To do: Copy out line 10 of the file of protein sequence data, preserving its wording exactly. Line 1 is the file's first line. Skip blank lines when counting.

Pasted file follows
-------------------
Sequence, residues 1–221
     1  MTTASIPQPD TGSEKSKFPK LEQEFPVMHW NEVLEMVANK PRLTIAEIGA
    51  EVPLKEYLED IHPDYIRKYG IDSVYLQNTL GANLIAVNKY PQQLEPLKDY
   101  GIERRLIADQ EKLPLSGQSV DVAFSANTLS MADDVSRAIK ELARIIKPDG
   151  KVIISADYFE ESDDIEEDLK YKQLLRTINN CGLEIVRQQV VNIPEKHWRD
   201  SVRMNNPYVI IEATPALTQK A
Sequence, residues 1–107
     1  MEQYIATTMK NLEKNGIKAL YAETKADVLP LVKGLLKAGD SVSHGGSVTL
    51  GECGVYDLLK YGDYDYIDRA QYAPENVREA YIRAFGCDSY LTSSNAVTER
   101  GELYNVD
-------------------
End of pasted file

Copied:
   101  GELYNVD